Part-time jobs for pupils are beneficial in a number of ways. Earning their own money for the very first time can give teens independence from their parents and a much-needed boost in self-confidence. It teaches them both financial responsibility and the true value of money. They’re much less likely to fritter their cash away when it’s money that they’ve earned for themselves.

Without any part-time experience, young people aren’t as well prepared for full-time work, and this negatively impacts their work performance and productivity.

This first experience of the workplace can stand them in good stead in the future. They will learn transferable skills which will come in handy for the rest of their lives. They learn how to communicate with people from many different walks of life – both their colleagues and customers. Working also teaches them important skills for their personal development such as how to handle responsibility, good time-keeping, resilience and finally how to manage their time and prioritise.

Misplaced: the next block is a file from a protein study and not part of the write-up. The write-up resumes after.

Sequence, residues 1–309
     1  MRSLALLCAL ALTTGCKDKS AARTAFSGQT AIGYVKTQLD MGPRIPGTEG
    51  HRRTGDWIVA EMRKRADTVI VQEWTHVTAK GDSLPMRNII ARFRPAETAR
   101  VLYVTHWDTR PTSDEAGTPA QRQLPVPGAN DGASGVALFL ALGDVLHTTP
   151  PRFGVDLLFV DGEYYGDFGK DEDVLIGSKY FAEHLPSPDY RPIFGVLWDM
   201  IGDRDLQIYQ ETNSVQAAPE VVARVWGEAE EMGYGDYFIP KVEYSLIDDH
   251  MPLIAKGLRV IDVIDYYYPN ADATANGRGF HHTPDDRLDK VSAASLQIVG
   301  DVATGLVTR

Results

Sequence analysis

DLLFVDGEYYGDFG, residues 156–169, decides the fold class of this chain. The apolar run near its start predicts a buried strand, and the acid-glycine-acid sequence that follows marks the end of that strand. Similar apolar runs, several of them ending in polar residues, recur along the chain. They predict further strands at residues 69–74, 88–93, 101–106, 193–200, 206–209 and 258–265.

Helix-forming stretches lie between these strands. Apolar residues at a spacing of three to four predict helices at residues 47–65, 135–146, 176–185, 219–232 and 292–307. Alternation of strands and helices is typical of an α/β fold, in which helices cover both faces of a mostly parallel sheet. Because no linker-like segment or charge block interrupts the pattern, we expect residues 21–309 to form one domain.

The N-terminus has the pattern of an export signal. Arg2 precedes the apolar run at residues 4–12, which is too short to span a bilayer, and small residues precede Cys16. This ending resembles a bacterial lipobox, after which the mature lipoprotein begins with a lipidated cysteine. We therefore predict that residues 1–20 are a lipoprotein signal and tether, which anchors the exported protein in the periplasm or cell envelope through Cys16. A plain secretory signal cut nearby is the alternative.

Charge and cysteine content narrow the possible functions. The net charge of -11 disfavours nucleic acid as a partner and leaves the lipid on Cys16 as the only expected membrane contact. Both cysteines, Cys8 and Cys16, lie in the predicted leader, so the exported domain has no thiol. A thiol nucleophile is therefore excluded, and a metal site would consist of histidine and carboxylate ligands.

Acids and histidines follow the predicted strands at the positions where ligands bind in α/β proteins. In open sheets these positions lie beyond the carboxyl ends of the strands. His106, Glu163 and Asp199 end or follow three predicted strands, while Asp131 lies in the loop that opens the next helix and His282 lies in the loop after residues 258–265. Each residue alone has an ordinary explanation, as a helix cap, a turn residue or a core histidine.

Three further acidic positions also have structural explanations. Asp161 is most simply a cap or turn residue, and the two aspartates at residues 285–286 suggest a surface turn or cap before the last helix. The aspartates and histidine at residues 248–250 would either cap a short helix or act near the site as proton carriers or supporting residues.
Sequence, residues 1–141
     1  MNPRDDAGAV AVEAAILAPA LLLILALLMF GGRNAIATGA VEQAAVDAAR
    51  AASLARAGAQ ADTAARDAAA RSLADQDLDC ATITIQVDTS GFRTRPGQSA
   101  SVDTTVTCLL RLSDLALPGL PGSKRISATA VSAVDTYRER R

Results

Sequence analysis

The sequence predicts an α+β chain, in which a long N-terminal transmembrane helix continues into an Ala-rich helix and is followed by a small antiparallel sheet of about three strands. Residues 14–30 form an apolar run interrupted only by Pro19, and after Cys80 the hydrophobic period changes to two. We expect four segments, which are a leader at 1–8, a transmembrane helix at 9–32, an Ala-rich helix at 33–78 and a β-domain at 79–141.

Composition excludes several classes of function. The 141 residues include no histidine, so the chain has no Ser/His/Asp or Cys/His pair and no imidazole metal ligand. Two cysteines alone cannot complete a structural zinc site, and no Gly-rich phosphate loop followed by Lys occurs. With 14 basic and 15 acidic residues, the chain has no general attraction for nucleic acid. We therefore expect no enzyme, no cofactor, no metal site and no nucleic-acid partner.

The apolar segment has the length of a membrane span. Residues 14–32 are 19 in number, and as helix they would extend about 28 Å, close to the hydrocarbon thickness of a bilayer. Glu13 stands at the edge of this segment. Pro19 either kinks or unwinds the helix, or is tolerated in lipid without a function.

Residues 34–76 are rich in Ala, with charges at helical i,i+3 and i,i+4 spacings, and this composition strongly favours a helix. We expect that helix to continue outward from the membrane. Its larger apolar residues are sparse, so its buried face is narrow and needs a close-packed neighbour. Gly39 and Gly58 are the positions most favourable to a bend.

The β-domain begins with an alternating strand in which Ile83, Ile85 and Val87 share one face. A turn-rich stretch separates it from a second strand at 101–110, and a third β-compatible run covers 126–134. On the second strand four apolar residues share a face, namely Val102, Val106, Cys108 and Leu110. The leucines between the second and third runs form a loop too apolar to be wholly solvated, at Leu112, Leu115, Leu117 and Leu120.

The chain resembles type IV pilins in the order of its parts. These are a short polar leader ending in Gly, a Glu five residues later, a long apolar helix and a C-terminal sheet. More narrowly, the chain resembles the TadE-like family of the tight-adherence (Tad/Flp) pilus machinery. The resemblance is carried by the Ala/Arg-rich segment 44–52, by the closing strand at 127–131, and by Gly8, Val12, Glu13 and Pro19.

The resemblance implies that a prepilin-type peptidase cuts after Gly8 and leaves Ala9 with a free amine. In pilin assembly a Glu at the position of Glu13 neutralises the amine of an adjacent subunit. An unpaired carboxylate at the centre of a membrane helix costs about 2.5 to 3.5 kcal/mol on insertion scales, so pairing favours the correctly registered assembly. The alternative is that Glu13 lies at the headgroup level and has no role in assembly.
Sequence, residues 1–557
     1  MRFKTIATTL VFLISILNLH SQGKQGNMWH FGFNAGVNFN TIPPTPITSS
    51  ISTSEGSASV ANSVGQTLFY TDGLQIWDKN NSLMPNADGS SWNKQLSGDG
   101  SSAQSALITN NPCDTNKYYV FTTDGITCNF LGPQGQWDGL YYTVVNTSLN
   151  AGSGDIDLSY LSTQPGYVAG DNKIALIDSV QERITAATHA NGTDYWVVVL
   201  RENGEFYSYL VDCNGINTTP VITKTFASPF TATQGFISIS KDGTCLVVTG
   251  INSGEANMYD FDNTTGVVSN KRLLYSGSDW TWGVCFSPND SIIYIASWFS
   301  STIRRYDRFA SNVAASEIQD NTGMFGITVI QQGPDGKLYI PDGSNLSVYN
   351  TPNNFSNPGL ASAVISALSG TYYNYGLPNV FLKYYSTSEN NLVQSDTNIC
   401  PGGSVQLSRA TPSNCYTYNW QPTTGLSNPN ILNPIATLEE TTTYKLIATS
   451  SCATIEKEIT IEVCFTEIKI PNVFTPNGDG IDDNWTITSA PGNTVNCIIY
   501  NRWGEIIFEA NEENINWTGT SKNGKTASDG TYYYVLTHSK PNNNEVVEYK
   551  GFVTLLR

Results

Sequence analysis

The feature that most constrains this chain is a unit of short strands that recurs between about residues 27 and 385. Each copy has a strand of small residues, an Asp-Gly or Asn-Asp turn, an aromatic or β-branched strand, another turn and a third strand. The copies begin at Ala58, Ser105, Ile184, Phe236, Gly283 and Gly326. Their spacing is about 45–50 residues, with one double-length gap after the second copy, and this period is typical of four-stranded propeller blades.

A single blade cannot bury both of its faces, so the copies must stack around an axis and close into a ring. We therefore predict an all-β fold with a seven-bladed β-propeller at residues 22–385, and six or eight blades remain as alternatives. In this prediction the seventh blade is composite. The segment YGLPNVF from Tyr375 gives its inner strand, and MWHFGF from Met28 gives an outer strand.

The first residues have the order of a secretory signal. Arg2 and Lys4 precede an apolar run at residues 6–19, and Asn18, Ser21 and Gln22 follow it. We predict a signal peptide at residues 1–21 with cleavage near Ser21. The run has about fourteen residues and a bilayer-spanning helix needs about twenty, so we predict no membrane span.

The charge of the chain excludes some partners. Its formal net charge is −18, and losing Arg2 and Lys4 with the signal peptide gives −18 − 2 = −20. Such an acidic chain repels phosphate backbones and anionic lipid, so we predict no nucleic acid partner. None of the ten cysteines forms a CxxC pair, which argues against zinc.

Far from hindering their admission to university, holding down a part-time job can boost their chances of being accepted. A 2016 survey of university admissions officers by ACS International Schools revealed that they gave equal weight to academic achievements and extracurricular activities including part-time work. They complained that 18-year-olds without any work experience tended to lack initiative.

A number of schoolchildren are given advice by their career advisor